Three personal finance instructors in the East Carolina University College of Business challenged their students to save $50,000 this past semester by taking tips and ideas from class to change their spending behaviors. Together the 500 students saved more than $130,000.
“We were hoping to help our students save up to $50,000 for the year, averaging to $100 per student,” said Bill Pratt, one of the instructors. “I couldn’t help but smile as I tallied the amount of savings.”
The challenge was simple: students were asked to submit any changes in their behavior that resulted in spending less and saving more ̶ even securing a paid internship or part-time job counted. The submission did not count as part of their course grade; instead student names were entered into a drawing for several $50 gift cards.
“We begin the semester by discussing jobs, careers and the importance of internships. From there we move into basic financial topics such as how to create a college budget, how to pay for college, how to save on the cost of a car, how to buy insurance and many other personal finance topics,” said Mark Weitzel, who created the course more than 10 years ago.
“We wanted a fun way to demonstrate to our students that making good financial decisions as a result of what they learn in class is easy and will make a real difference in their lives.”
The savings ranged from reducing the number of times students dine out or buy gourmet coffee to saving thousands of dollars on the purchase of a car. One student saved an average of $100 per month by riding his bike to school. Another student stopped buying a snack before her first class and saved more than $50 each month.
One couple kept heating and cooling costs to a minimum by turning the thermostat low in the winter and high in the summer, bundling up when it was cold and taking advantage of cool mornings in the summer by opening windows. Some students even earned a paid internship or asked for and received a pay raise at their job. One student in particular applied to be a resident advisor on campus and was offered the position, which covers room and board and provides a monthly stipend.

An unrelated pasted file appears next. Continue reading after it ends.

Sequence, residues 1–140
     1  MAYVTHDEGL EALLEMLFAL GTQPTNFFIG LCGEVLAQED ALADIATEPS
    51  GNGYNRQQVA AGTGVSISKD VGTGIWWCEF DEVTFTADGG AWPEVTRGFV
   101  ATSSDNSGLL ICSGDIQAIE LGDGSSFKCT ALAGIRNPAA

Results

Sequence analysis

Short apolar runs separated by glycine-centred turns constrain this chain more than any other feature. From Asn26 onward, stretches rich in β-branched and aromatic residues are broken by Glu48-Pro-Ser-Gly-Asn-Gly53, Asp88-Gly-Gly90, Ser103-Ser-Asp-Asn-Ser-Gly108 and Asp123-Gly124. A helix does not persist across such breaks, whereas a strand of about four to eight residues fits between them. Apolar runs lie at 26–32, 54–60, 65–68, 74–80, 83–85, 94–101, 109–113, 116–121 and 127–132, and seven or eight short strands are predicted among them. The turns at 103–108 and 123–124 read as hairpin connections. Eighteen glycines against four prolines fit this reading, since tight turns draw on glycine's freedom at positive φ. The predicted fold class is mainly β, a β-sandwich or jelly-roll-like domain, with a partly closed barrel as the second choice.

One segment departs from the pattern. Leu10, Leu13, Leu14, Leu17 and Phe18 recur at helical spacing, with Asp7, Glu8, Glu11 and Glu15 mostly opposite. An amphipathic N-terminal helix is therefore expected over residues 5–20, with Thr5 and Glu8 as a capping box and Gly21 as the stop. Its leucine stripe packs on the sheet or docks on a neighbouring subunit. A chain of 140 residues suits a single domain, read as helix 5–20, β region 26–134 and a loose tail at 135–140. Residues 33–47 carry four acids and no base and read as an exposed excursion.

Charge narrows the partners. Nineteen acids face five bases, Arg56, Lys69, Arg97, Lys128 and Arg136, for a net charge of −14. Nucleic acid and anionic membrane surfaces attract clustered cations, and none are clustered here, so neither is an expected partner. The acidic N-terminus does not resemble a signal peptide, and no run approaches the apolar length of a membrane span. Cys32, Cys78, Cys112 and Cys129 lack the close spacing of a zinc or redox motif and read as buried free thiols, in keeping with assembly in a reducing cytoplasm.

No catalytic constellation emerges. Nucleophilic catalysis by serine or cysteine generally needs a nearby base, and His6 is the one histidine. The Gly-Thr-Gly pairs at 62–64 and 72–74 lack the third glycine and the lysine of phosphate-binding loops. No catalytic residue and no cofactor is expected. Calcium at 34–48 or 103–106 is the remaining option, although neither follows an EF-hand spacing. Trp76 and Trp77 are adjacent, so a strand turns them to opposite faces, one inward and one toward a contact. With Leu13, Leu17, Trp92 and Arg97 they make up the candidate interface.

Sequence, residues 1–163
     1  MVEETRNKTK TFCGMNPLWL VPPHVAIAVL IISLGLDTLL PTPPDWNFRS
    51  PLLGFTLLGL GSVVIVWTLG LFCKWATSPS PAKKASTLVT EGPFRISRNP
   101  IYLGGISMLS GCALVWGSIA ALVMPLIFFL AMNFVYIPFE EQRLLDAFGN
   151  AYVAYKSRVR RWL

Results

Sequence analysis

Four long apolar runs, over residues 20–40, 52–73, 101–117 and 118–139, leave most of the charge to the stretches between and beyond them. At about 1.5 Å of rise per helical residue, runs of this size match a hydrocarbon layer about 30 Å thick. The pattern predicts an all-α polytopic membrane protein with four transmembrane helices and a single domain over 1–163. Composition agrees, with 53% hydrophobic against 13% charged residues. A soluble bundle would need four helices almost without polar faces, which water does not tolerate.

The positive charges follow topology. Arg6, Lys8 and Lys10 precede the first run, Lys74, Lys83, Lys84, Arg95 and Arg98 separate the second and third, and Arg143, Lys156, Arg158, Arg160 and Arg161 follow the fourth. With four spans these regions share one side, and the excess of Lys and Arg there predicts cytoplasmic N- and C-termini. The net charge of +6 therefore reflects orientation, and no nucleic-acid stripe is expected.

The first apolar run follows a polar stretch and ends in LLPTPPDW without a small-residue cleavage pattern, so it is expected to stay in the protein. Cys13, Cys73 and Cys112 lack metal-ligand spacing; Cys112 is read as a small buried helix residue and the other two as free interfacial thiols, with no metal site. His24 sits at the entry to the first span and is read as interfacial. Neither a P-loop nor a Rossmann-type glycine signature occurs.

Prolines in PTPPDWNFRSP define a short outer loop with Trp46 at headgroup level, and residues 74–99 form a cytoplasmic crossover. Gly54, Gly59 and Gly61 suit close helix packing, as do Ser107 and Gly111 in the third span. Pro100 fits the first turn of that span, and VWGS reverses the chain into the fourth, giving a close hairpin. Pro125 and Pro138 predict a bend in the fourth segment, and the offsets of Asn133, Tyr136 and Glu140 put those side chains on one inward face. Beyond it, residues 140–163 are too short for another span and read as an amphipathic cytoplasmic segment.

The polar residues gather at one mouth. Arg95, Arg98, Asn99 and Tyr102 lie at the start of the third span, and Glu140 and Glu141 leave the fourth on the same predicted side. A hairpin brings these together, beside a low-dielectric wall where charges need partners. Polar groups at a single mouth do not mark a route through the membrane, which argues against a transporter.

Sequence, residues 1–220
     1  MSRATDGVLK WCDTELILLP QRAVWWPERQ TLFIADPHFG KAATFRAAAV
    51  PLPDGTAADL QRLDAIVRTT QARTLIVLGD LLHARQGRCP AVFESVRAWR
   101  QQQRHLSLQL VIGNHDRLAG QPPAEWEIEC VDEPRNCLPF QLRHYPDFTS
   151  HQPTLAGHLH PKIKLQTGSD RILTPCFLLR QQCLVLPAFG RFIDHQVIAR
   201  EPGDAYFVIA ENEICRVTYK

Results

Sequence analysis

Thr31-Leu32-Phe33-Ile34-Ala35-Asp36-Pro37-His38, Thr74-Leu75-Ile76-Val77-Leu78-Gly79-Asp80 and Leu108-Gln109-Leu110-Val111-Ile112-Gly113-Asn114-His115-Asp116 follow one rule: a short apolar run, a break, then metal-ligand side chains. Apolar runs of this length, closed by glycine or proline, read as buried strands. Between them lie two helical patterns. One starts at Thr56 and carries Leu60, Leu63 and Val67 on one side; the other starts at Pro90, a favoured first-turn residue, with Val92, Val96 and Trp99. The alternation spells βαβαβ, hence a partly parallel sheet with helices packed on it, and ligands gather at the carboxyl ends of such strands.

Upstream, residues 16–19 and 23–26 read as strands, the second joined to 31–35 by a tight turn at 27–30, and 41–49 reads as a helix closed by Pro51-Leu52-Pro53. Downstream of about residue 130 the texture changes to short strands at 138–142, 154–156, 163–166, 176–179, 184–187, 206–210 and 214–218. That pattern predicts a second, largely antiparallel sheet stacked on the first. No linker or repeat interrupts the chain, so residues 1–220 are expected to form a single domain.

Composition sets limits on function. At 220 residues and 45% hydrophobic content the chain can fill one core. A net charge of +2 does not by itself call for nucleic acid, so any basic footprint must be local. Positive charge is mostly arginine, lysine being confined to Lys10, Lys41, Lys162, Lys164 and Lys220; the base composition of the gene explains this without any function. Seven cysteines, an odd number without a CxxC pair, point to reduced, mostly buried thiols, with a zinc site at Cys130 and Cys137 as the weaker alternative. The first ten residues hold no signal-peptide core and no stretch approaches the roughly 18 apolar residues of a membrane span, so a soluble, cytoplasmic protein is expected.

“Our goal is to teach students enough about money so they know the right questions to ask and where to find the answers they need. We want our students to know enough so that no one can take advantage of their financial inexperience,” said Len Rhodes, one of the instructors.
The personal finance class at ECU is a three credit hour elective course that fills to its 500 student capacity each semester. The instructors authored the textbook for the class and all net proceeds from the sale of the book go to financial literacy initiatives on ECU’s campus.
The instructors also recently penned a book called “How to Keep Your Kid from Moving Back Home after College,” which gives parents the tools and knowledge they need to help their children develop good personal financial habits.
For more information about ECU’s financial literacy initiatives or the personal finance course, contact teaching instructor Mark Weitzel at email@example.com.